Genetics

US court says human genes cannot be patented (Update 4)

The U.S. Supreme Court on Thursday unanimously threw out attempts to patent human genes, siding with advocates who say the multibillion-dollar biotechnology industry should not have exclusive control over genetic information ...

Genetics

Patenting genes: Justices tackle big health issue (Update 2)

The Supreme Court seemed worried Monday about the idea of companies patenting human genes in a case that could profoundly reshape the multibillion-dollar biomedical industry and U.S. research in the fight against diseases ...

Genetics

Are human genes patentable?

(Medical Xpress)—On April 15, the Supreme Court will hear oral argument in Association for Molecular Pathology v. Myriad Genetics, a case that could answer the question, "Under what conditions, if any, are isolated human ...

Medical research

No bleeding required: Anemia detection via smartphone

Biomedical engineers have developed a smartphone app for the non-invasive detection of anemia. Instead of a blood test, the app uses photos of someone's fingernails taken on a smartphone to accurately measure how much hemoglobin ...

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Patent

A patent ( /ˈpætənt/ or /ˈpeɪtənt/) is a form of intellectual property. It consists of a set of exclusive rights granted by a sovereign state to an inventor or their assignee for a limited period of time in exchange for the public disclosure of an invention.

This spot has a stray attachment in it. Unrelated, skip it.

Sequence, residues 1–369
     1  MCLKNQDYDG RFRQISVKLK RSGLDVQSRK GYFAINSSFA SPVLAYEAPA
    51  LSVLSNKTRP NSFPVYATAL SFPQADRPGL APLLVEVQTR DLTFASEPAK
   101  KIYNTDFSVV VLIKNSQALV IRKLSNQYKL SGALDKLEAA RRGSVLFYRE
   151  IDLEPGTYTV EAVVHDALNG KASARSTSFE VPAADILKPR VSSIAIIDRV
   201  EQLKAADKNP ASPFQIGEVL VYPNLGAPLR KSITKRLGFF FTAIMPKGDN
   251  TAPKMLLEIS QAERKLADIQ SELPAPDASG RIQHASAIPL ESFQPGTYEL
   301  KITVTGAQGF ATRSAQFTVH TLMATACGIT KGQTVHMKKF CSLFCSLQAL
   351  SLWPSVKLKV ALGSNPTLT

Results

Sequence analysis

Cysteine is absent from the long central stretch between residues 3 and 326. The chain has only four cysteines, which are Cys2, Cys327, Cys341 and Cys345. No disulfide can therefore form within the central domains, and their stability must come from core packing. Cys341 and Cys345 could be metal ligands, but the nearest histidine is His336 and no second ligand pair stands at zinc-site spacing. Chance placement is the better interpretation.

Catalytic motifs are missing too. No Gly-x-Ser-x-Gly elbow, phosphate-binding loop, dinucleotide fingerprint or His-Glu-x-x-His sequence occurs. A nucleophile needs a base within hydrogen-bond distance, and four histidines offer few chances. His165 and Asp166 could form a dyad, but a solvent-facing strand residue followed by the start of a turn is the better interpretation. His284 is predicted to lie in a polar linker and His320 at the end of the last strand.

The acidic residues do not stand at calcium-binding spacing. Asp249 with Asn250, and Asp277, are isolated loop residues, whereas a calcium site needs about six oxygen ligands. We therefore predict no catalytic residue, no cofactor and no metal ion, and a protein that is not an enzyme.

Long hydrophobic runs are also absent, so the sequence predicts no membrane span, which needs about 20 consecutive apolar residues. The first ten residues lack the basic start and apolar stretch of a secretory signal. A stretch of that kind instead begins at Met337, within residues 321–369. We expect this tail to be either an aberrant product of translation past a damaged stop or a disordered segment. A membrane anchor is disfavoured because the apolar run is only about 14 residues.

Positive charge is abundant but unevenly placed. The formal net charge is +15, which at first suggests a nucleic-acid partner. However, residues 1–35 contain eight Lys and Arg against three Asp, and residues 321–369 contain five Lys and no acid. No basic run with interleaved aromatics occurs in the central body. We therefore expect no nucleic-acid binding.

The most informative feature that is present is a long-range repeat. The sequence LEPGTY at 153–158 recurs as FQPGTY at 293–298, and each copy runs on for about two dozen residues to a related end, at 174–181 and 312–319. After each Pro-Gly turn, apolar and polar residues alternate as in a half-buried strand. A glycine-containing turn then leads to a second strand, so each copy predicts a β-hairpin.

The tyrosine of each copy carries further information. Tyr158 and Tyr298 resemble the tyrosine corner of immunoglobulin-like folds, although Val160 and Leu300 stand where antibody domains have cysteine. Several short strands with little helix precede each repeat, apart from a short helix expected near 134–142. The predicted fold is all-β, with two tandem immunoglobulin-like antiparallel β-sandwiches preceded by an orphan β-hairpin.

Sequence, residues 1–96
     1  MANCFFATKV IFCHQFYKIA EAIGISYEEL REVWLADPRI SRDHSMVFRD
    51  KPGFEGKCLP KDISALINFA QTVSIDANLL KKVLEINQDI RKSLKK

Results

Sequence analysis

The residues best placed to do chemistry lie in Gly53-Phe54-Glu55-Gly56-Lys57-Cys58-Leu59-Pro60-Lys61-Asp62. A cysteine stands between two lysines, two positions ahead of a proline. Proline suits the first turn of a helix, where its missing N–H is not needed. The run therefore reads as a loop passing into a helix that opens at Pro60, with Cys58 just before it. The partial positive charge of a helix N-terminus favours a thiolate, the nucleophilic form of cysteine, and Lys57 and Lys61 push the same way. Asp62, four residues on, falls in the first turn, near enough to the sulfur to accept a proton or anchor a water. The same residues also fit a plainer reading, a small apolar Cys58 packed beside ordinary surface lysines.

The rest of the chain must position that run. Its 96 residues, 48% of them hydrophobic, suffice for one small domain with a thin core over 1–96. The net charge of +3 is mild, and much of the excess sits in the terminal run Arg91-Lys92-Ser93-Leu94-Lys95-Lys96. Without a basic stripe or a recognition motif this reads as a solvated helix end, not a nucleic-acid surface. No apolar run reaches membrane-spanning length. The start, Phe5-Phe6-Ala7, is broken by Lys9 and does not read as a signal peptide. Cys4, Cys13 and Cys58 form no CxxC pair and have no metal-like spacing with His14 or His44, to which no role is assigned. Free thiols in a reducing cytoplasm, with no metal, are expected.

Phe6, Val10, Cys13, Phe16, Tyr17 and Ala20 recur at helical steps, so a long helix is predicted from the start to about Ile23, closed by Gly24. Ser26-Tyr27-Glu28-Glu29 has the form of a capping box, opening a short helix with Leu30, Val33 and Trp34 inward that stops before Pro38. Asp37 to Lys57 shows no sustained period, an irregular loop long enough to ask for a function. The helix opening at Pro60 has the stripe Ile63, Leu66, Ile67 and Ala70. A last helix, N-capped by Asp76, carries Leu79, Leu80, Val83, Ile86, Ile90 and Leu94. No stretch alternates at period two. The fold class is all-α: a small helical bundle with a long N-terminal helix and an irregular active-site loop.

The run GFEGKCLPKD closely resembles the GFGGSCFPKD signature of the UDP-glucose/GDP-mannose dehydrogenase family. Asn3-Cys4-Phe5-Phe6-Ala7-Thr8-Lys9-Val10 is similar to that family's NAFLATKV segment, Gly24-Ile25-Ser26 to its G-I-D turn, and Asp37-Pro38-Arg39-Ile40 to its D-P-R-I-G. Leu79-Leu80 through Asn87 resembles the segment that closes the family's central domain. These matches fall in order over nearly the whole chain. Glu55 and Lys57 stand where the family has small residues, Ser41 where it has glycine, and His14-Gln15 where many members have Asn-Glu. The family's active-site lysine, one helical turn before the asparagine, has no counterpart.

The procedure for granting patents, the requirements placed on the patentee, and the extent of the exclusive rights vary widely between countries according to national laws and international agreements. Typically, however, a patent application must include one or more claims defining the invention which must meet the relevant patentability requirements such as novelty and non-obviousness. The exclusive right granted to a patentee in most countries is the right to prevent others from making, using, selling, or distributing the patented invention without permission.

Under the World Trade Organization's (WTO) Agreement on Trade-Related Aspects of Intellectual Property Rights, patents should be available in WTO member states for any inventions, in all fields of technology, and the term of protection available should be a minimum of twenty years. In many countries, certain subject areas are excluded from patents, such as business methods and computer programs.

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